When Mary Lemon attends daily Mass, she sits in the back pew.
Always, the right-hand side, next to the center aisle. It's been this way for almost seven years."It's become my pew. It's my spot," said Lemon, a member of Cathedral of Our Lady of the Rosary Parish, Duluth. "People seem to know where everybody sits, so you don't have to worry about losing your seat."
Eighty percent of regular church-goers gravitate toward the same seat every Sunday, said Carl Dudley, a professor of church and community at McCormick Theological Seminary, Chicago. Seating patterns are more pronounced in small congregations.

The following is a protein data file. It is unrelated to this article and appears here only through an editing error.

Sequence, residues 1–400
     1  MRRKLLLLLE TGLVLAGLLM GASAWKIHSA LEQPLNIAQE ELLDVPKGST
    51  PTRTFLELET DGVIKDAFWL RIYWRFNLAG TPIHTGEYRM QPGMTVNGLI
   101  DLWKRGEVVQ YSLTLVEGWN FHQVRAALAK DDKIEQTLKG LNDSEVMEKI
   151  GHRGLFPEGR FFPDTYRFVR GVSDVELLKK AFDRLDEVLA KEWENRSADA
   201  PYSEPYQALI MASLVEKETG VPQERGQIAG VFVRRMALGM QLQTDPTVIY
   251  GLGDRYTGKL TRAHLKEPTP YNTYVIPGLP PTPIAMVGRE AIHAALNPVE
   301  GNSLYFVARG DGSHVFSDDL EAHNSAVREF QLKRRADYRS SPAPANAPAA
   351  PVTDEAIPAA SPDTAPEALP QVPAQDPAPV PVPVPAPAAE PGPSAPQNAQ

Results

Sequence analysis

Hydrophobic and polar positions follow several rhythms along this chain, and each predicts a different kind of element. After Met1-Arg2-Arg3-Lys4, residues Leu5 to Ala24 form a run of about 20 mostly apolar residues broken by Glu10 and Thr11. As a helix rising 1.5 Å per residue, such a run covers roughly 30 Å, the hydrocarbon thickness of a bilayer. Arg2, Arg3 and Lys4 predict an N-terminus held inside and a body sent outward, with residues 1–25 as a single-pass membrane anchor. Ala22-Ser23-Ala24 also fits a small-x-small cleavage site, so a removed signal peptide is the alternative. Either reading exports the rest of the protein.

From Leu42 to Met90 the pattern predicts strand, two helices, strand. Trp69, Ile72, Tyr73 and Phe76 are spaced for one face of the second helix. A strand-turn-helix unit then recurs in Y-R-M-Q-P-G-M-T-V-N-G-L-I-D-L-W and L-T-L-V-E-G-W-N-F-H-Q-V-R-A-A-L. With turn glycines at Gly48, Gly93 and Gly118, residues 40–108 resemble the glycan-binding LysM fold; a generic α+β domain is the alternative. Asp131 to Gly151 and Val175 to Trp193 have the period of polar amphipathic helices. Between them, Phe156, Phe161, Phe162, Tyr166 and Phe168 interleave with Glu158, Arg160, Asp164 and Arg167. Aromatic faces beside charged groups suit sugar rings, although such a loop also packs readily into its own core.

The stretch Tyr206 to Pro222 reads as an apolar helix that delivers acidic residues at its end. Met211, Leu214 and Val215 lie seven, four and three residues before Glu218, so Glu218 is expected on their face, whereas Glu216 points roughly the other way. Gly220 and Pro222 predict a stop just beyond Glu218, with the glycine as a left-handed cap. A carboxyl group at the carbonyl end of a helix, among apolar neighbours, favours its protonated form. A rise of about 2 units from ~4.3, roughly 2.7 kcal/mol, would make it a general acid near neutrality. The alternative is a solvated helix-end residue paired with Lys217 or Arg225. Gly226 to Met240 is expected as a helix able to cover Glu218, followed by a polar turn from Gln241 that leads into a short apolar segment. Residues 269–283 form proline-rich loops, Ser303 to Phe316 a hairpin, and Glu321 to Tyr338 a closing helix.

Where people sit is not a sign of their religiosity, Dudley said. Devout people are often in the back row, contrary to popular opinion that the last pew is filled by those who come late, leave early and are only mildly interested in what transpires.
Lemon believes the back pew is the most conducive to prayer.
Parents with small children are sometimes cloistered in the back rows of a church. It provides an easy escape when junior decides to test those baby lungs.
Other parents say they like sitting toward the front of church so their children can see the pulpit.
What factors influence pew selection?
Everything from lighting, ability to see and hear the pastor, and ventilation. Most people avoid the very front pew.
"A lot of it just has to do with human habit," said Dr. David Moberg, a sociologist of religion at Marquette University, Milwaukee. "Some people avoid the front simply out of humility."